Predicting the crisis: Medal winning analysts


If they were to hand out medals for predicting the global
financial crisis, the Gold Medal for having predicted the crisis must go to
Irving Fisher, who in 1933 developed the "Debt Deflation
Theory of Great Depressions
" – a piece which remains the best
description of what happens to an economy that succumbs to excessive debt in
the context of low inflation. We are now reliving the horror he warned us

Housing bubble burst

Image: The Digerati Life

Silver goes to Hyman Minsky, for combining Fisher’s insights with the vision of
a cyclical economy he inherited from Schumpeter, and investor behaviour under
uncertainty he acquired from Keynes, to develop the "Financial Instability
Hypothesis". This theory explains how a period of economic tranquillity
can lead to runaway expectations that induce a debt-financed speculative bubble
like the one that we partied through from 1994 until 2007.

I’ll award myself the Bronze, for having taken these two inspirations and
developed mathematical models of financial instability in the early 1990s,
which were the reason I expected that at some stage a serious financial
denouement would arrive. My first academic paper on this topic, entitled "Finance
and Economic Breakdown", was published in 1995.

I have a substantial number of colleagues in non-orthodox academic economics
who, by their own developments of Minsky’s analysis, also deserve awards for
prescience. Prominent here are Wynne Godley, Marc Lavoie, Jan Kregel, Randy
Wray, and Michael Hudson. Institutions like the Jerome Levy Institute and the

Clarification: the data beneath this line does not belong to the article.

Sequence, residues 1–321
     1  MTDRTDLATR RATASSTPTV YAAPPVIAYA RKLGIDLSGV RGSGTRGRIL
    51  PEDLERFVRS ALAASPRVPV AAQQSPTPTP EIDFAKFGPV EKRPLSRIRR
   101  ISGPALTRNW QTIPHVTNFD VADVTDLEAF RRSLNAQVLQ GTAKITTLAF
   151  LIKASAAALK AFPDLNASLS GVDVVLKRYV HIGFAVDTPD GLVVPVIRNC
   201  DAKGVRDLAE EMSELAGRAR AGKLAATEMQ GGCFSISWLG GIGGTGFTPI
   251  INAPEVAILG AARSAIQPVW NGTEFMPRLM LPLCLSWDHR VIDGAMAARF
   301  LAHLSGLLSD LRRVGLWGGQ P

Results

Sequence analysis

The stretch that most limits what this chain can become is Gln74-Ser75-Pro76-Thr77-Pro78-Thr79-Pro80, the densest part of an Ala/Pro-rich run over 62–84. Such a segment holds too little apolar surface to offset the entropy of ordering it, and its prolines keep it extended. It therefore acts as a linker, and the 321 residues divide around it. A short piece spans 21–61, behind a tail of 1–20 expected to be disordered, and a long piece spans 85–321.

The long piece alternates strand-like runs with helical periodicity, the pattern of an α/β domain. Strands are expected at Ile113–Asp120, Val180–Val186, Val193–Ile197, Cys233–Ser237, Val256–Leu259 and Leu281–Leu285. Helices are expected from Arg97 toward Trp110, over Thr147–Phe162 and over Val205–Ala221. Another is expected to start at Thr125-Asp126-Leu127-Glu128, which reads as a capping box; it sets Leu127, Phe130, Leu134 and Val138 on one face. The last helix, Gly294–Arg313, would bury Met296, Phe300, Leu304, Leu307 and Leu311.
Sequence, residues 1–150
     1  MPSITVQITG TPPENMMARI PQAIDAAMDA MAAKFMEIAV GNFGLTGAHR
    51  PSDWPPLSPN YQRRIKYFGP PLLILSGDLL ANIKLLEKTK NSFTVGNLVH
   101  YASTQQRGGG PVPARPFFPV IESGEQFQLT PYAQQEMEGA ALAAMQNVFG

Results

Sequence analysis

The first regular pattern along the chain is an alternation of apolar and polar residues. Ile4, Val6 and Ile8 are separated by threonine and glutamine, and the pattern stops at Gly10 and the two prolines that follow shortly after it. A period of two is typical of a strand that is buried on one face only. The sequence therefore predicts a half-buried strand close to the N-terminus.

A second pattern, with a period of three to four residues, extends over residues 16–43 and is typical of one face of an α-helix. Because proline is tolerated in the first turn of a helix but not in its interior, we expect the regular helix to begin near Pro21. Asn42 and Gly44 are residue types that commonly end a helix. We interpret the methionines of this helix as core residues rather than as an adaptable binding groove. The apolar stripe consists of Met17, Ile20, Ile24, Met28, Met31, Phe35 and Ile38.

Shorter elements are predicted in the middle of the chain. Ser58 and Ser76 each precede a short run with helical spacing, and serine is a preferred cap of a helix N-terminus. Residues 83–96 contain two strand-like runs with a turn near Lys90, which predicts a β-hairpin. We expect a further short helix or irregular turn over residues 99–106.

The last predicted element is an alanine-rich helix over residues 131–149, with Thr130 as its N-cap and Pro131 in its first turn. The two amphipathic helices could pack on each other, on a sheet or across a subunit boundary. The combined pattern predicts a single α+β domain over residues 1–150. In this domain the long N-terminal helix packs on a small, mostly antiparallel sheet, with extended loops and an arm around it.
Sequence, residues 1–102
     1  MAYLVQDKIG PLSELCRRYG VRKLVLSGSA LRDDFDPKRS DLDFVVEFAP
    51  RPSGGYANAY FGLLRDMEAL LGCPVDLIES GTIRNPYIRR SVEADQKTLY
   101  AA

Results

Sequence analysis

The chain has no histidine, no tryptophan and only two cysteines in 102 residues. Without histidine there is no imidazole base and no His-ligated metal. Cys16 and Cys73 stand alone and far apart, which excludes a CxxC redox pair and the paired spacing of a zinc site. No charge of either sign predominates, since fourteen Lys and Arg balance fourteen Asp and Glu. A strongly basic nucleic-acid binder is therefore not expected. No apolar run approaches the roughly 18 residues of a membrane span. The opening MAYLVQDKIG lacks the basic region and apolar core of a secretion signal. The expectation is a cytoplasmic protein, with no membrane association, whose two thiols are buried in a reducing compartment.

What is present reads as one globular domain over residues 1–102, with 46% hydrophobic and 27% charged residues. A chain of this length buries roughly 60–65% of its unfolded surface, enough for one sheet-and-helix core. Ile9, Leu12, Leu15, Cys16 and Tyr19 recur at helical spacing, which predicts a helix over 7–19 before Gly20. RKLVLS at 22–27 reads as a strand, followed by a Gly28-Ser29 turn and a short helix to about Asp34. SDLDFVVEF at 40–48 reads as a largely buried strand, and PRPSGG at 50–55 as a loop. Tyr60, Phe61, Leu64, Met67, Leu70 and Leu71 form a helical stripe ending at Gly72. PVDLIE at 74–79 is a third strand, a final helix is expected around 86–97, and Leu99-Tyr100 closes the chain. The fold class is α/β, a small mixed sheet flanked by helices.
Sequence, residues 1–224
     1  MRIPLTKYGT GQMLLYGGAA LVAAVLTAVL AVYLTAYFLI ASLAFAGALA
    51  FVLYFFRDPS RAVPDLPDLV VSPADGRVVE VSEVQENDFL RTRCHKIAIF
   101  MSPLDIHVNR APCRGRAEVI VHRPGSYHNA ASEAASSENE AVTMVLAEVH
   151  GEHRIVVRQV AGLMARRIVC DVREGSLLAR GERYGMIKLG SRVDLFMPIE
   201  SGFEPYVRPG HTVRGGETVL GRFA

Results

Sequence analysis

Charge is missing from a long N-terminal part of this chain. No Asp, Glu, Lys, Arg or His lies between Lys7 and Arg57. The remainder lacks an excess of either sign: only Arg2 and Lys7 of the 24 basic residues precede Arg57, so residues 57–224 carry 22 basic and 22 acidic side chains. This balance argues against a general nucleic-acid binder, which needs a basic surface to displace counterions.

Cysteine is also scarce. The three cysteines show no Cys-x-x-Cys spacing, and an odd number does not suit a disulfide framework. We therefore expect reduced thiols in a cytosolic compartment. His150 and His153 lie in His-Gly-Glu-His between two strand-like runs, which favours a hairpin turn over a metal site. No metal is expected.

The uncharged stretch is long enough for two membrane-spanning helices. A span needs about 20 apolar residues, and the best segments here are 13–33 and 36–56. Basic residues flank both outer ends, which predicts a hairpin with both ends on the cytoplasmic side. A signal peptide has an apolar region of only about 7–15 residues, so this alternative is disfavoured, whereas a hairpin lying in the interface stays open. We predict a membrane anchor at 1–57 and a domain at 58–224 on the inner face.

Economics Department at the University
of Missouri Kansas City
have supported their work.

The most prominent relatively orthodox economist who foresaw this crisis was
Robert Shiller, who originated the term Irrational Exuberance that was later
attributed to Alan Greenspan. He has done an invaluable service by developing
a long run price index for American housing

Few academics have been as active in the public arena as they have been in
scholarly research. Nouriel Roubini has made the outstanding public
intellectual contribution here, with his RGE Monitor, which began
operating in 2004-though it is a subscription only, for-profit site. Dean Baker of the Centre for Economic and Policy
has also made substantive public and analytic contributions.

I began my public commentary on the debt crisis itself in December 2005, and
have maintained a blog on this
since mid-2006. Michael Hudson coined
the phrase the FIRE Economy (Finance, Insurance and Real Estate) to describe
the foundations of this speculative excess, and his website has significant
material on the crisis.

Several notable stock market contrarians predicted a finance-induced
catastrophe, none more so than Marc Sexton, who established the Fiendbear website in 1996, after starting
to comment on the madness of the then very young Internet Bubble in 1995.

The most prominent contrarian commentator is Eric Janszen, who established the iTulip website in November 1998 to parody the
then rampant ‘Internet Bubble’ as a speculative mania. He shut the site down
after the Dotcom Crash of 2000 only to be forced to start it again as the
Subprime Catastrophe gained steam.

Not long after iTulip began, the financial market analyst Doug Noland started
the Credit
Bubble Bulletin
, which was probably the most incisive academically-grounded

The academic economists who predicted this crisis were ignored because the
mainstream of the economics profession follows what is known as neoclassical
economics, which ignores debt and models the economy as if it is always in
equilibrium. The contrarians were ignored because for so long, the way to make
money was to "go with the herd". Today, conventional neoclassical
economics is being starkly proven wrong by this very crisis, while contrarians
are now the only ones making money.

Leave a Reply

  • (will not be published)

XHTML: You can use these tags: <a href="" title="" rel=""> <abbr title=""> <acronym title=""> <b> <blockquote cite=""> <cite> <code> <del datetime=""> <em> <i> <q cite=""> <strike> <strong>